WHAT IS RAPE CULTURE?
The term “rape culture” is often used to describe the way aspects of a society can contribute to the normalization and endorsement of sexual violence. Typically, those elements include the objectification of women’s bodies and the trivialization of coercion and sexual violation. While these elements are most powerfully disseminated through the media, the average citizen is a very able transmitter of rape culture, too. That said, the term “rape culture” can be less than helpful. The term can often prompt defensiveness, especially if audiences feel they’re being judged and implicated by every song, movie, or T.V. show they’ve enjoyed throughout their lives. It is critical, however, that we find a way of describing the ways in which our culture endorses and provides cover for sexual coercion and violence in a way in which people can hear it.
This presentation utilizes the ongoing debate over whether or not rape jokes are appropriate to explore the foundations of rape culture in a meaningful and accessible way. The Canary in the Coal Mine will highlight what factors support sexual violence within popular and military cultures, drawing on research from the fields of moral development education, bystander intervention, and sexual violence prevention education.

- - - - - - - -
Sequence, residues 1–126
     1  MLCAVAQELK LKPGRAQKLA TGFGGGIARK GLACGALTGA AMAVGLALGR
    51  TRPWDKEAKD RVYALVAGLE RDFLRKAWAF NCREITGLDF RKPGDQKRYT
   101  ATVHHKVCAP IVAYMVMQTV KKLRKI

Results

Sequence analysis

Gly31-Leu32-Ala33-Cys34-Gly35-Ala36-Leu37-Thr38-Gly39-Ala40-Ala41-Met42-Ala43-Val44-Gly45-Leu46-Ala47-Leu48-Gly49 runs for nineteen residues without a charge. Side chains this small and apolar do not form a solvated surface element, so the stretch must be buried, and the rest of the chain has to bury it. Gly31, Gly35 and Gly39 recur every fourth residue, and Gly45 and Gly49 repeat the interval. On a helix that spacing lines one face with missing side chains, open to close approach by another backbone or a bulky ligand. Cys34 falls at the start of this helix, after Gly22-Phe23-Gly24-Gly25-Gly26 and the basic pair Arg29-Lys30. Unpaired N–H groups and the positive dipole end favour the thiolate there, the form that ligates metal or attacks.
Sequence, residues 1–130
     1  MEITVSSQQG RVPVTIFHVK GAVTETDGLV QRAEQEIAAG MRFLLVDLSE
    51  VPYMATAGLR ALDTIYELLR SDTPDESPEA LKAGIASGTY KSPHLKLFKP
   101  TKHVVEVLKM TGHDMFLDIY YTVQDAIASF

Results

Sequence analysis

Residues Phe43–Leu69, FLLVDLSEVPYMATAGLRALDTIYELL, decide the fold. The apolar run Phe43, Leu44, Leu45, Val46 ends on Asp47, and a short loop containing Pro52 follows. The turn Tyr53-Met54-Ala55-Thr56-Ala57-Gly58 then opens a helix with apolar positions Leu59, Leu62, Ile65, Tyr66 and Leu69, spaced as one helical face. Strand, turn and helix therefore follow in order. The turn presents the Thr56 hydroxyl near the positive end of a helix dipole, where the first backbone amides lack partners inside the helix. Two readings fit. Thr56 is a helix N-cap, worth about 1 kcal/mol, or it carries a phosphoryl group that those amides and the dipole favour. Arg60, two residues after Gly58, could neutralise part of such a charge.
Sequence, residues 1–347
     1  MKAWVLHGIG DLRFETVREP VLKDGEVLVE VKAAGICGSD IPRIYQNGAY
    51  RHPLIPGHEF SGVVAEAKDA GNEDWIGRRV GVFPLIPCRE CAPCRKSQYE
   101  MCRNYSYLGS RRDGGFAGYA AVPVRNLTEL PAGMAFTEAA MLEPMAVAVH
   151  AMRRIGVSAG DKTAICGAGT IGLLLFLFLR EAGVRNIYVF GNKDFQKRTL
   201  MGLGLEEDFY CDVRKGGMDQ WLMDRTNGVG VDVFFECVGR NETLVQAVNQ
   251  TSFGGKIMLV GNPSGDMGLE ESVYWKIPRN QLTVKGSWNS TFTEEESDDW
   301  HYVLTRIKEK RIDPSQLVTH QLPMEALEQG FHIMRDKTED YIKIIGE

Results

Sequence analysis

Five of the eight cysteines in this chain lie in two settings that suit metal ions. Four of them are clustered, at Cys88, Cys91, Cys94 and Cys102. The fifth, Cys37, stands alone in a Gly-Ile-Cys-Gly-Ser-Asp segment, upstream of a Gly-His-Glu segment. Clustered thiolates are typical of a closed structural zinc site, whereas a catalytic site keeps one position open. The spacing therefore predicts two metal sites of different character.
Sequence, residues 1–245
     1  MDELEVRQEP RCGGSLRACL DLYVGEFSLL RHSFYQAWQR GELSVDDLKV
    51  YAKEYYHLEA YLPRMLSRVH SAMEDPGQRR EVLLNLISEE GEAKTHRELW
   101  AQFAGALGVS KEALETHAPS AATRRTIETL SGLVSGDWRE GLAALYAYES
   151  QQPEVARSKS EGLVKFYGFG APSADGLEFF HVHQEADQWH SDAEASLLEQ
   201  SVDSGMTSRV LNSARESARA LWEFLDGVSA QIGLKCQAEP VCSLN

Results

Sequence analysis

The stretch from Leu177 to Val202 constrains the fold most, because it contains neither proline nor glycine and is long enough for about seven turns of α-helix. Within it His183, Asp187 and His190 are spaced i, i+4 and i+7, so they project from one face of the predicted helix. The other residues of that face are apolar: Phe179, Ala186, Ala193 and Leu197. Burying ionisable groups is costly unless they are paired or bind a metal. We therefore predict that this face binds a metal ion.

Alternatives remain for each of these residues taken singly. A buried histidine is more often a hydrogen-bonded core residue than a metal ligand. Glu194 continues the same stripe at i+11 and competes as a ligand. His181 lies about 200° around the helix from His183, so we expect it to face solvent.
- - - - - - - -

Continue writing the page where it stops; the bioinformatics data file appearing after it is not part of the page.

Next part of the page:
Research and Real Change
Created and presented by Gail Stern, Ph.D., The Canary in the Coal Mine includes research data from both the civilian and military environments and will address what steps—from little to big—will be necessary to meaningfully address the impact of rape culture on our communities.
This customizable program is designed to:
Teach participants the ways in which rape jokes and other media can foster a hostile environment
Examine the connections between a hostile environment and the increased risk of sexual violence
Identify what aspects of culture and media support sexual coercion and violence
Help participants develop the skills to challenge rape jokes and other media in order to foster an environment that helps disable the potential predator’s support system
“They engaged the audience with their humor and made salient points without lecturing. Outstanding.”—David Harris, Director of Academic Services in the Department of Athletics, University of Wisconsin-Madison
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